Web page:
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Posted January 06, 2004 by publisher in Cuba Human Rights

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Miami Herald

Below are quotes from Cubans in exile and on the island from the Jan. 1 El Nuevo Herald article, The tally on 45 years of the Cuban Revolution, by El Nuevo Herald staff writer Wilfredo Cancio Isla.

For you, what is the net result of 45 years of revolution in Cuba?
o Guillermo Cabrera Infante, author: It has been an era of blood, sweat and tears. They have robbed the homeland and have given death to Cubans.

o Mario Chanes de Armas, former revolutionary who later served 30 years as a political prisoner: The revolution was to combat a dictatorship, but its ideals were crushed from the start by Fidel Castro, who in power trampled the constitutional rights that he promised to defend. Worst is the jailing, the pain and the division of families.

o Vladimiro Roca, leader of the dissident coalition All United [from Havana]: The revolutionary process has been a catastrophe, a perpetual deception and colossal fraud. We are in the final chapter of a telenovela in real time, where the director-in-chief is left with only two options: 1) make the changes, even if only an economic reform; or 2) use force and repression to stay in power in the middle of this disaster.

o Claudia Mrquez, independent journalist [from Havana]: I’m 26, so I was born in the middle of the process, listening to the propaganda about the present and promises for the future. But I have never been able to feel free in my own country. I sense the nostalgia of those who are outside the country; but here, too, many Cubans feel exiled inside our own country, aliens, repressed for the simple fact of thinking differently than the government.

I dream of the moment of feeling freedom for the first time.

o Carlos de la Cruz, Chairman of Eagle Brands: How is it possible that in the 21st century, Castro’s dictatorship in Cuba continues to exist? The deliberate myopia of the international organizations like the United Nations, in the interest of protecting countries’ sovereignty . . . has permitted Castro to remain in power even after the fall of the Soviet Union.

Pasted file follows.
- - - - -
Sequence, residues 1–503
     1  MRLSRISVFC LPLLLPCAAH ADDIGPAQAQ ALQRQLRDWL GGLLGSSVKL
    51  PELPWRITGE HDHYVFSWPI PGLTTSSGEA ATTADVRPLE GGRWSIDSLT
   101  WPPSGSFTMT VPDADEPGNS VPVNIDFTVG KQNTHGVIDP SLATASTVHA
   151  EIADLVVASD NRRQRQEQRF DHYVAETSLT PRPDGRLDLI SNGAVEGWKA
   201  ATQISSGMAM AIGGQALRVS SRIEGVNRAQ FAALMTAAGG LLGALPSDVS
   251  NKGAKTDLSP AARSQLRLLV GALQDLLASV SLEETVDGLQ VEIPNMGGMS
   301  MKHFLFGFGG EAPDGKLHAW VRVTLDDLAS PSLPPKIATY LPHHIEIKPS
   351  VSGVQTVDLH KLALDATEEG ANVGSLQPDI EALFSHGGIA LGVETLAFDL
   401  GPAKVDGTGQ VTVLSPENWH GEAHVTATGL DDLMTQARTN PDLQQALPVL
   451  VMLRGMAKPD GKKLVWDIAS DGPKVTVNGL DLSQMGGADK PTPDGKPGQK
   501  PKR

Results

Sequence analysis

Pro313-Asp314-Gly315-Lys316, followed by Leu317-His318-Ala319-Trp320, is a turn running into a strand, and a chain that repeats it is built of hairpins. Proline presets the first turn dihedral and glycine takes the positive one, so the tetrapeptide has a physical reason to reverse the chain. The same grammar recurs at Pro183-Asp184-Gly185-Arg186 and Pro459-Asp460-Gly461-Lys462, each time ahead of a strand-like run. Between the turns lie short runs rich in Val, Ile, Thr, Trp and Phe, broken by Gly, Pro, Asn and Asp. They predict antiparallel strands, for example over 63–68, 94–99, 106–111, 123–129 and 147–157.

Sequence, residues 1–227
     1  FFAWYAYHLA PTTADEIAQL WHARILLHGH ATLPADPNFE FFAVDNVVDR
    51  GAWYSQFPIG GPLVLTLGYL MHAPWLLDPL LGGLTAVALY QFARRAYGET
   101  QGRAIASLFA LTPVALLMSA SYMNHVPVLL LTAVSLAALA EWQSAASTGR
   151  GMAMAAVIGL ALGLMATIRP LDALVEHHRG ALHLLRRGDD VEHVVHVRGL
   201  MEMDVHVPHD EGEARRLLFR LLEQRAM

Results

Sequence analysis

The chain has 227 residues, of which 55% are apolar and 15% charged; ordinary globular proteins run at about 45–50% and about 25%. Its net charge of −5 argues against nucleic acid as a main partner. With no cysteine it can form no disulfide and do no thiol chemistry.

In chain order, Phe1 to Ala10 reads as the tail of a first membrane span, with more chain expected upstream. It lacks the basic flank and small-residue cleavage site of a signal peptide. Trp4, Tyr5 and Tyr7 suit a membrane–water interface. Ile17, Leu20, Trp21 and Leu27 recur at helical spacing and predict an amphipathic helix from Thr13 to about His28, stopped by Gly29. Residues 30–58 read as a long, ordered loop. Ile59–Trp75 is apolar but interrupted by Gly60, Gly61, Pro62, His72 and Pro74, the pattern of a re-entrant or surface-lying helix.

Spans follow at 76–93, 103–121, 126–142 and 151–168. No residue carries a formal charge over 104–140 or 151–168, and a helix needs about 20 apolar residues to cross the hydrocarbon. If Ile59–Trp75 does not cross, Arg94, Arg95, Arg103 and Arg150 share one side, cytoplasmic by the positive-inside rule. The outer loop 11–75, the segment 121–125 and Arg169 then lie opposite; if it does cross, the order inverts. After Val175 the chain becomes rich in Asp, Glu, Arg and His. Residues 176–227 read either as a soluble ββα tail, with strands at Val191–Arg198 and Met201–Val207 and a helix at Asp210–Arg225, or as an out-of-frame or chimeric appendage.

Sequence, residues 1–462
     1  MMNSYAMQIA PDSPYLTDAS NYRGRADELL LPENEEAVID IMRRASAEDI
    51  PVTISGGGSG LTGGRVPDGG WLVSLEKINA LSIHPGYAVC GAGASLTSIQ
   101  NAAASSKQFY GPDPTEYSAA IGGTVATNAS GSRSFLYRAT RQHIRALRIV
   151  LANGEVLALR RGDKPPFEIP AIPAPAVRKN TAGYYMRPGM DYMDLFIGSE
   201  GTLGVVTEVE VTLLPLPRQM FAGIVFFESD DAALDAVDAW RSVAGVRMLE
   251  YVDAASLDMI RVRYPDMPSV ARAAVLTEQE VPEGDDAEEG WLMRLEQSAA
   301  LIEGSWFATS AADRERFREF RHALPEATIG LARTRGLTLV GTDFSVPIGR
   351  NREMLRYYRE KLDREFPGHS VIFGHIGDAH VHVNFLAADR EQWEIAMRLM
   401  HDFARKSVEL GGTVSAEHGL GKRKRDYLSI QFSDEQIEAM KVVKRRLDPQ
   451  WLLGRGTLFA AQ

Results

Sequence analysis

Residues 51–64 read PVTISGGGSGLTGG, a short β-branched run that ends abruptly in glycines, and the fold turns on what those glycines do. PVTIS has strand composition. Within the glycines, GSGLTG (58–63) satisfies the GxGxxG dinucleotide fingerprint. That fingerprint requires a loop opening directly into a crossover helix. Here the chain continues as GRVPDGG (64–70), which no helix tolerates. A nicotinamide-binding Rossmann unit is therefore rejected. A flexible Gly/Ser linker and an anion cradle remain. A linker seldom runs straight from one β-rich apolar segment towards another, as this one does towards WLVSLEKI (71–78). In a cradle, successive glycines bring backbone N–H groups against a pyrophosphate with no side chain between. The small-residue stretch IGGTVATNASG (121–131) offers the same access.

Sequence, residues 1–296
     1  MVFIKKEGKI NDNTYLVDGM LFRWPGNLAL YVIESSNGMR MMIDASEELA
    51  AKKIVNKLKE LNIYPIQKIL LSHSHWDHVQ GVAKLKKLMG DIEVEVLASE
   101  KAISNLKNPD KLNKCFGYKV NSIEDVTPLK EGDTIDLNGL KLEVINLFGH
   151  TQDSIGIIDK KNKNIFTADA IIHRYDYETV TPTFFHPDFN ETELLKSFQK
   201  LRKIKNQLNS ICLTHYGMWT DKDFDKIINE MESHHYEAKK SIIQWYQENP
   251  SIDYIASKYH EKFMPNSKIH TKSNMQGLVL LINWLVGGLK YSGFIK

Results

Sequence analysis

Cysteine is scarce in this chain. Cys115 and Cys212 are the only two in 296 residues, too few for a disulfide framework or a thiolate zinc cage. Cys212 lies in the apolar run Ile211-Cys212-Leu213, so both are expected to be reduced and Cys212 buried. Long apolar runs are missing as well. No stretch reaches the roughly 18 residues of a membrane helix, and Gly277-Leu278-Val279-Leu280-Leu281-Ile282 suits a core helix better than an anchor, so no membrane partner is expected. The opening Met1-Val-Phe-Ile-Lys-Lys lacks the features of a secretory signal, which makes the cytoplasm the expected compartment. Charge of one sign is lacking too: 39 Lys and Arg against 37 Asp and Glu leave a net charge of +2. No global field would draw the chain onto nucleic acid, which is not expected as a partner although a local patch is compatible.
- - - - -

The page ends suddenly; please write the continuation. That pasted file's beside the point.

The bottom line of the Cuban Revolution is the misfortune of a country that has gone from having the second-highest per capita income in the hemisphere to one of the lowest. Unfortunately, this misery and lack of liberty have brought our people to yearn for leaving their homeland.

o Gisela Delgado [from Havana], leader of the Independent Libraries Project and wife of dissident Hector Palacios, who is serving a 25-year prison term: This has been 45 years of human-rights violations. The bastions of public health and education have crumbled: Hospitals have no medications, and the schools lack professors. The socialist system has turned into anguish for the Cuban people. . . . Free medicine and education should not bar freedom of expression.

o Blanca Reyes [from Havana], wife of poet Rul Rivero, who is serving a 20-year prison term: I was 11 years old when the revolution triumphed. At the time, I loved and followed a 33-year-old bearded Magi who has ended up being a capricious old dictator. I lived in a cloud until a certain day in 1980 when . . . I began to discover a destroyed Havana. I lament having given my youth and my life to something who wasn’t worth it.

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